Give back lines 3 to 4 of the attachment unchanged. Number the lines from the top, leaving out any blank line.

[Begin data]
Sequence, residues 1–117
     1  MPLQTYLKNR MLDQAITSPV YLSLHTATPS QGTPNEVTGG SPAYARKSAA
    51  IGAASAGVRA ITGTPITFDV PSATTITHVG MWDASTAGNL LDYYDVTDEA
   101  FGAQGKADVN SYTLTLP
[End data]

    51  IGAASAGVRA ITGTPITFDV PSATTITHVG MWDASTAGNL LDYYDVTDEA
   101  FGAQGKADVN SYTLTLP